What has been your best adventuring purchase below $100?

Things I don’t want to miss anymore on my travels are:

What other favorite gear do you have?

Besides my Hilleberg tent and MSR stove, my bicycle of course is very important. I have a Velotraum bicycle with a Rohloff Speedhub and Magura Hydraulic Rim Brakes. Been using them for almost 15 years and more than 150.000 km, I am happy with these components.

Cyclist Dorothee Fleck

What will the future bring?

After my Africa trip, I will write my second book and give talks until I will set off again. I haven’t decided yet where I will go. There is not very much left. 🙂

I am happy with the gear I am using since more than 10 years. I don’t need all the new fancy gadgets. I would prefer to get rid of some things I already carry around.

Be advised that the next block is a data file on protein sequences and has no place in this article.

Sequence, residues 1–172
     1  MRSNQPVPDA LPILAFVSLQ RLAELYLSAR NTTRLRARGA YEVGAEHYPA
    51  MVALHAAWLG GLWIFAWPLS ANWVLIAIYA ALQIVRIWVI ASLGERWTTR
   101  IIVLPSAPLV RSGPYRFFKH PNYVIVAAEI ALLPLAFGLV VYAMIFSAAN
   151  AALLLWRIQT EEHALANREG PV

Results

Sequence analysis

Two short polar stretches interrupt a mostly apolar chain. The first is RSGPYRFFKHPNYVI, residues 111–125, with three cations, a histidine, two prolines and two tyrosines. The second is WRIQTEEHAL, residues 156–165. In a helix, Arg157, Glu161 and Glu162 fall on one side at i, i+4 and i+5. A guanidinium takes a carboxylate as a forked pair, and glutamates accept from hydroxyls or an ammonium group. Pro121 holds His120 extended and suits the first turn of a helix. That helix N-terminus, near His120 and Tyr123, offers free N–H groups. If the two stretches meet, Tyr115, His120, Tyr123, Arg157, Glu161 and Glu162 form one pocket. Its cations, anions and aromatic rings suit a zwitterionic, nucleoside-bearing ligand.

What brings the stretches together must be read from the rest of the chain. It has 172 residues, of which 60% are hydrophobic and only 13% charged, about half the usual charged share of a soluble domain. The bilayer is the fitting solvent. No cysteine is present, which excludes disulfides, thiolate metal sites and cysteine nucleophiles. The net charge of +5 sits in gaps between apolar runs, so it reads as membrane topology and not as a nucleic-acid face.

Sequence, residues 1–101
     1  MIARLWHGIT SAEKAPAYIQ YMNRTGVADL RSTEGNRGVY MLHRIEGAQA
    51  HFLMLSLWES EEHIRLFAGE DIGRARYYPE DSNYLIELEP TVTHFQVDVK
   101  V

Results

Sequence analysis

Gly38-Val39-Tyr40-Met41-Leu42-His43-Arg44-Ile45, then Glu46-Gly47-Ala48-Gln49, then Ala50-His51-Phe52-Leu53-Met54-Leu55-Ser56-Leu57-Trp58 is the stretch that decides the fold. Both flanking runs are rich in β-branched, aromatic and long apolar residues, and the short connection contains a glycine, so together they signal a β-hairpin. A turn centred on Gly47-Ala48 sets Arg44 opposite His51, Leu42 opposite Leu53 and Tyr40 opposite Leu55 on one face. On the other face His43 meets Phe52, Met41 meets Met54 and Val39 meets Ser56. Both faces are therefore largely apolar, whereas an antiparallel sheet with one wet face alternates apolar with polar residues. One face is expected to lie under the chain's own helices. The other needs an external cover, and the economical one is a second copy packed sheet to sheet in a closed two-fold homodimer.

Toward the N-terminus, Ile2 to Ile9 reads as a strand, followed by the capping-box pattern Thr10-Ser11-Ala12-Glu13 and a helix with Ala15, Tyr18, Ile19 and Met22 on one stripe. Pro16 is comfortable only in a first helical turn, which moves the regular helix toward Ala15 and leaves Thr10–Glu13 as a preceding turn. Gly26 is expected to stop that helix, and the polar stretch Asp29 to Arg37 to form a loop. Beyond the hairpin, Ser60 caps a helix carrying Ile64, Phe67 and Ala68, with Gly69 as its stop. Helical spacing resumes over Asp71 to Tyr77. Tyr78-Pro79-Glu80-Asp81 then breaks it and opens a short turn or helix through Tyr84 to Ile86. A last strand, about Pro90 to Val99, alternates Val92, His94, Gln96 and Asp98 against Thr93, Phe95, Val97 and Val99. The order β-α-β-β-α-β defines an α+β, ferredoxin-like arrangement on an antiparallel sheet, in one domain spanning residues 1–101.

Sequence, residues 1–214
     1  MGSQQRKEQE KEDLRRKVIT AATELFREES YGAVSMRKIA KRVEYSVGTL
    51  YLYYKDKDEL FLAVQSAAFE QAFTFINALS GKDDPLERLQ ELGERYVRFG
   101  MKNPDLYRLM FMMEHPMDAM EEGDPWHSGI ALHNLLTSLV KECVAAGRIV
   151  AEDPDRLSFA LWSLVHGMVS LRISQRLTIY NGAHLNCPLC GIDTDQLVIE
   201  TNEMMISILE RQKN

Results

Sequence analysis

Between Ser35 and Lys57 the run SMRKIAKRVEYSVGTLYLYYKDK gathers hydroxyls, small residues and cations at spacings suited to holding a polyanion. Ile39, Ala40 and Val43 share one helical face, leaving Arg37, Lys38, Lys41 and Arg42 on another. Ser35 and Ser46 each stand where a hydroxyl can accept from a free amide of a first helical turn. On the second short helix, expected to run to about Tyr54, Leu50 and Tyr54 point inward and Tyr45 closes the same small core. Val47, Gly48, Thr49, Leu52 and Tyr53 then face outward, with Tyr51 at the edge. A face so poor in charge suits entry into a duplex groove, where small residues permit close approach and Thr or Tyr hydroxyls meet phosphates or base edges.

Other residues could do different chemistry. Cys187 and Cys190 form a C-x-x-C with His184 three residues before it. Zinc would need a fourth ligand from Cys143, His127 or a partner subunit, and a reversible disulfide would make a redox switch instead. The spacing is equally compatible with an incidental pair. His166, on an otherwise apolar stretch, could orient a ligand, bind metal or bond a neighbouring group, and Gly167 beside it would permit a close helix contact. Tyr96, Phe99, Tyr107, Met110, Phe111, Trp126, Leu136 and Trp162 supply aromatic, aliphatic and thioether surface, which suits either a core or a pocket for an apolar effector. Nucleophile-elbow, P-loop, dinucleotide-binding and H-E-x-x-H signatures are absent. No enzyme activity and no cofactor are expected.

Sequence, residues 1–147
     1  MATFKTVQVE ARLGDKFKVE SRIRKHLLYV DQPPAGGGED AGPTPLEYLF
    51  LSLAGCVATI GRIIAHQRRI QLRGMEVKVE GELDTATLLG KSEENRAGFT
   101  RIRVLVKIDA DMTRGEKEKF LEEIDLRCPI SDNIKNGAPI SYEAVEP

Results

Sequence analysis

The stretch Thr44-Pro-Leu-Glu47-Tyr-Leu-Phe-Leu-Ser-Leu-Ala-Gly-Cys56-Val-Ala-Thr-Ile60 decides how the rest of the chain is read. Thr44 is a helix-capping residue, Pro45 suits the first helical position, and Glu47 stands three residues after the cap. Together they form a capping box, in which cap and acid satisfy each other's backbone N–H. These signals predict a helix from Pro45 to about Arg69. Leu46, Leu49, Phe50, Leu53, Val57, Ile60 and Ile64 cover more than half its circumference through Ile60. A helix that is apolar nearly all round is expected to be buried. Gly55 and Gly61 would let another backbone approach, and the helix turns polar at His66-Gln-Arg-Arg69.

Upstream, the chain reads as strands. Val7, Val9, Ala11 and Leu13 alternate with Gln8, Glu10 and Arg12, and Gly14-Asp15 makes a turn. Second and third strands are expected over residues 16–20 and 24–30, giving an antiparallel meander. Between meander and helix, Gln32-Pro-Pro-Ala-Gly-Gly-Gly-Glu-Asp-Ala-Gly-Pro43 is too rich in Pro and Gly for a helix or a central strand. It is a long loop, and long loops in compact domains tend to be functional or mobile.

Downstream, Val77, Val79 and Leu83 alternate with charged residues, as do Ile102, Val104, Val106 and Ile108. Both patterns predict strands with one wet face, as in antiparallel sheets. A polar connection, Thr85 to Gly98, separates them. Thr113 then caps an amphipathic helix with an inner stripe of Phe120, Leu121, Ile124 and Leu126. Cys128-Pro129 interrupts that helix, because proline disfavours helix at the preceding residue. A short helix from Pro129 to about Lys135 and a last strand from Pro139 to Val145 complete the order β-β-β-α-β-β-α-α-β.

But I am sure the future, as the present, will be fantastic!

About MightyGoods

Here at our site MightyGoods, we have checked thousands of reviews in order to build the biggest directory of backpacks, luggage, handbags and lots of other bags.

So far we have checked more than 2.3 million reviews!

Using our bag review summaries, we aim to help you find the perfect bag without having to spend a lot of time reading an endless list of reviews.


  1. Thank you. Keep rolling..

  2. I enjoy this article.Great and good luck

Leave a Reply

Your email address will not be published. Required fields are marked *